The wood ceiling appears to float between sunlit openings above the living room of this Highland Park house designed by modernist architect Edward Dart and built in 1963.
That’s testament to the meticulous attention that its owners of the past 13 years, Kathy and Arthur Hahn, paid when renovating the home. Though Dart designed the skylights when drawing the home for Chicago financial executive Walter Heller, they were not part of the finished house, Kathy Hahn said, most likely because it would have been hard to prevent them from leaking.
“Window technology has changed since the early 1960s,” she said, so when designing a renovation with Chicago architect Katherine Quinn after buying the home in 2005, the skylights were included at last. “Dart wanted this to feel like a pavilion,” Kathy Hahn said, “and the skylights complete that.”
Six decades ago, Heller, an early innovator in automotive finance, commissioned Dart, a master of modernism who designed numerous homes and churches in the Chicago area, to design a summer home at the edge of Northmoor Country Club.
The result was a low-lying house with a wall of glass facing the golf course and a more inscrutable wall of brick and concrete facing the street.
The Hahns first saw the house from its open, glassy side while playing Northmoor’s golf course, “and we knew from there that it was a very special house before we ever went inside,” said Kathy Hahn. Once inside, they saw that “it’s wonderful,” said Kathy Hahn, who owns Adesso, a venerable Highland Park home décor store.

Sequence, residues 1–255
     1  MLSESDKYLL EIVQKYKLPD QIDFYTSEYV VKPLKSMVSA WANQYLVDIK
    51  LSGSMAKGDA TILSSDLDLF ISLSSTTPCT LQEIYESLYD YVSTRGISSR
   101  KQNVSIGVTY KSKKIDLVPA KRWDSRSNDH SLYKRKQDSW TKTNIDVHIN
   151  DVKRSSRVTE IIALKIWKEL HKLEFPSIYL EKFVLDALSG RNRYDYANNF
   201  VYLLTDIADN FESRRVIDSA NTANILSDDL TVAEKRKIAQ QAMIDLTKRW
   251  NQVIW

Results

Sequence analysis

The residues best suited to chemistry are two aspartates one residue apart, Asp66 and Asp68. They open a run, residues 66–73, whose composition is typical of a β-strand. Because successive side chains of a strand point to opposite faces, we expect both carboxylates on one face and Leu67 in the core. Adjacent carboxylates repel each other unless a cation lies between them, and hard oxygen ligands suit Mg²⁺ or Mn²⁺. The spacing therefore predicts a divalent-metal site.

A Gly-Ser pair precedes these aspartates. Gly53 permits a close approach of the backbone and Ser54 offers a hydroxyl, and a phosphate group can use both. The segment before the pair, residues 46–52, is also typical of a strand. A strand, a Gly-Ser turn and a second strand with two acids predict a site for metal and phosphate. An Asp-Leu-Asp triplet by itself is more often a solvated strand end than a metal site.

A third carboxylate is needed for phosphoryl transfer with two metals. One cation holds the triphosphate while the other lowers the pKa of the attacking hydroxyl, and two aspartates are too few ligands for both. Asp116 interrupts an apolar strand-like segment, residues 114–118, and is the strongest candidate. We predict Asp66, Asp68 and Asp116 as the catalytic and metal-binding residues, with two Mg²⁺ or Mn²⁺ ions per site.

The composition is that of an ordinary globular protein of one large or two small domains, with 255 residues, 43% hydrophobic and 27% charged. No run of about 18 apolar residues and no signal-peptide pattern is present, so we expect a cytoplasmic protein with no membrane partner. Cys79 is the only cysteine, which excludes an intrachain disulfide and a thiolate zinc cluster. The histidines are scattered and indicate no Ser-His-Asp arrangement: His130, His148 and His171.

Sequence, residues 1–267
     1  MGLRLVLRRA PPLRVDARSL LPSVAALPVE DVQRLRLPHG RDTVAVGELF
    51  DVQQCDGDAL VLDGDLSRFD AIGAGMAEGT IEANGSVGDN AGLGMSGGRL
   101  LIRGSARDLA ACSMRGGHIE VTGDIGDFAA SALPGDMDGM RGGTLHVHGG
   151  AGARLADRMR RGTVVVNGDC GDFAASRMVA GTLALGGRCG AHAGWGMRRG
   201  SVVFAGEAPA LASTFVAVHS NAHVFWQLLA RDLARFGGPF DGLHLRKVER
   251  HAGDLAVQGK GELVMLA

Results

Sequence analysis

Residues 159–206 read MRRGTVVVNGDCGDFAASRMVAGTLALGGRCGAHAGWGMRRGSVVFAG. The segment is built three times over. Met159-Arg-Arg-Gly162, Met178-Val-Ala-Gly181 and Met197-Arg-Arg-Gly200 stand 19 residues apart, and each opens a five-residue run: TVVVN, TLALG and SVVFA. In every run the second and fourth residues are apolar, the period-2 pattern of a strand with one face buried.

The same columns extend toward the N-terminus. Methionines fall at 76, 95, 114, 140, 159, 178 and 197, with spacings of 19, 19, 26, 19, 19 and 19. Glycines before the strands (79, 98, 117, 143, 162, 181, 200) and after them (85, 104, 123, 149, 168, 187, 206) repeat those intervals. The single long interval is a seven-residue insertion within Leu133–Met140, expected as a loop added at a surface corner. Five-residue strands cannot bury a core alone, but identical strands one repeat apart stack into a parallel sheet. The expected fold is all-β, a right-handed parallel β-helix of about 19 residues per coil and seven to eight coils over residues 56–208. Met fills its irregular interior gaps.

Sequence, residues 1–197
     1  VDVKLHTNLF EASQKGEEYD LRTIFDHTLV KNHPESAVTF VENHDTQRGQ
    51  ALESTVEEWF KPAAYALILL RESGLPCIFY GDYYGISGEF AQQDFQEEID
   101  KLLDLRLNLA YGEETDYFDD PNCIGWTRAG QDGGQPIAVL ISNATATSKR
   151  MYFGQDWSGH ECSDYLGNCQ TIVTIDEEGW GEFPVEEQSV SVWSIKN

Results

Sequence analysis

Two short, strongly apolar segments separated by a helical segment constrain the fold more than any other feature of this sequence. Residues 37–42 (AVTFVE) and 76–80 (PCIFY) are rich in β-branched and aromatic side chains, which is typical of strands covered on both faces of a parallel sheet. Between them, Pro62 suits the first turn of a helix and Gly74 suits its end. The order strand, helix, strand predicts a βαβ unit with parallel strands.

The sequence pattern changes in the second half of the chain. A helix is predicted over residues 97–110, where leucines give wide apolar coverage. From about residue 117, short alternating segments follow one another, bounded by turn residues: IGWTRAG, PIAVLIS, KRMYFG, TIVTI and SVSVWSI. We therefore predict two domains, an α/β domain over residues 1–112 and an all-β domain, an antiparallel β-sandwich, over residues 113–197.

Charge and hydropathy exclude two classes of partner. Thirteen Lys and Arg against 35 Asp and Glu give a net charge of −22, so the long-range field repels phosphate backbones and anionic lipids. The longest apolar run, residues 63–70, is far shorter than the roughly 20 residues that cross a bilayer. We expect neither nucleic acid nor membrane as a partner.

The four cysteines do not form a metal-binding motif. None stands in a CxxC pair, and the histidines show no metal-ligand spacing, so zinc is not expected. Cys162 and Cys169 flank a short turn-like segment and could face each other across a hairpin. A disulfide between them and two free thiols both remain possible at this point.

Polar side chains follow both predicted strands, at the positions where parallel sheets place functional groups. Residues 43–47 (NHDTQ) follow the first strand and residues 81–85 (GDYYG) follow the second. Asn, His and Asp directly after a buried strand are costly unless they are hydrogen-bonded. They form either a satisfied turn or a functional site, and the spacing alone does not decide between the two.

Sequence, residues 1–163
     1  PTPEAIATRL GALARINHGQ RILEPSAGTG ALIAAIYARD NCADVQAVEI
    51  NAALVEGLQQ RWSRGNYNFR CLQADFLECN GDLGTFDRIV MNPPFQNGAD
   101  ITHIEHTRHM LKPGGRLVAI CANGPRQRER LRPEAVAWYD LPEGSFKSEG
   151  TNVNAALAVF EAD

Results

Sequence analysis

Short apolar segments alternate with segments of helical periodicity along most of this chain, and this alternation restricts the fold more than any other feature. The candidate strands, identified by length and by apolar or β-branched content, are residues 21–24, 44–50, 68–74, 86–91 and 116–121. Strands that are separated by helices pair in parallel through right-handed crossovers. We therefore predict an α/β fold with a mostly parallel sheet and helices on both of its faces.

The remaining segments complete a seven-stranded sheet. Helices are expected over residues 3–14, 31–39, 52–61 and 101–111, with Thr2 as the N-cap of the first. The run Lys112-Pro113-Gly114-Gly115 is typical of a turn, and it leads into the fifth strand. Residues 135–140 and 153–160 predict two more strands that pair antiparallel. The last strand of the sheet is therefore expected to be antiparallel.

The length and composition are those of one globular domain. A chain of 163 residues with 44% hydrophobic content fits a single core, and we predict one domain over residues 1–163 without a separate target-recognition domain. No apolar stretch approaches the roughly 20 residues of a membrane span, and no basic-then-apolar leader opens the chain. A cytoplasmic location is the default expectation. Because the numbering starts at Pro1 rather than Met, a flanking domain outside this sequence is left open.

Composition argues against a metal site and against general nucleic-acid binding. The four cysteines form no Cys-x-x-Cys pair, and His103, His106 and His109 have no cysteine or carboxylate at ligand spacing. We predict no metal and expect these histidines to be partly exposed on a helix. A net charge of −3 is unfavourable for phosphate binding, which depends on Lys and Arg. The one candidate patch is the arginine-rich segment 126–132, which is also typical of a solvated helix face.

“It’s simple and serene,” Arthur Hahn added. He’s global co-chair of the financial services practice at the law firm Katten Muchin Rosenman.
Only the third owners of the home, the Hahns updated it with a new kitchen and baths, some stainless steel accents, including a wrap around the original brick fireplace, and practical touches such as snow-melting pavement outside and a privacy wall in front of the master bath’s wall of glass. The house has five bedrooms, though the Hahns use two of them as an office and home gym.
Now planning to move to a downtown Chicago condo, the Hahns will list the roughly 5,000-square-foot house on Highland Place for sale today. Their asking price, a just below $1.68 million, is less than they have in it. The Hahns paid almost $1.43 million in 2005, according to the Lake County Recorder of Deeds, and their renovations bring the total to more than their asking price, listing agent Cathy Deutsch confirmed. Deutsch, of Coldwell Banker, is representing the house along with her mother, Julie Deutsch, of the same brokerage.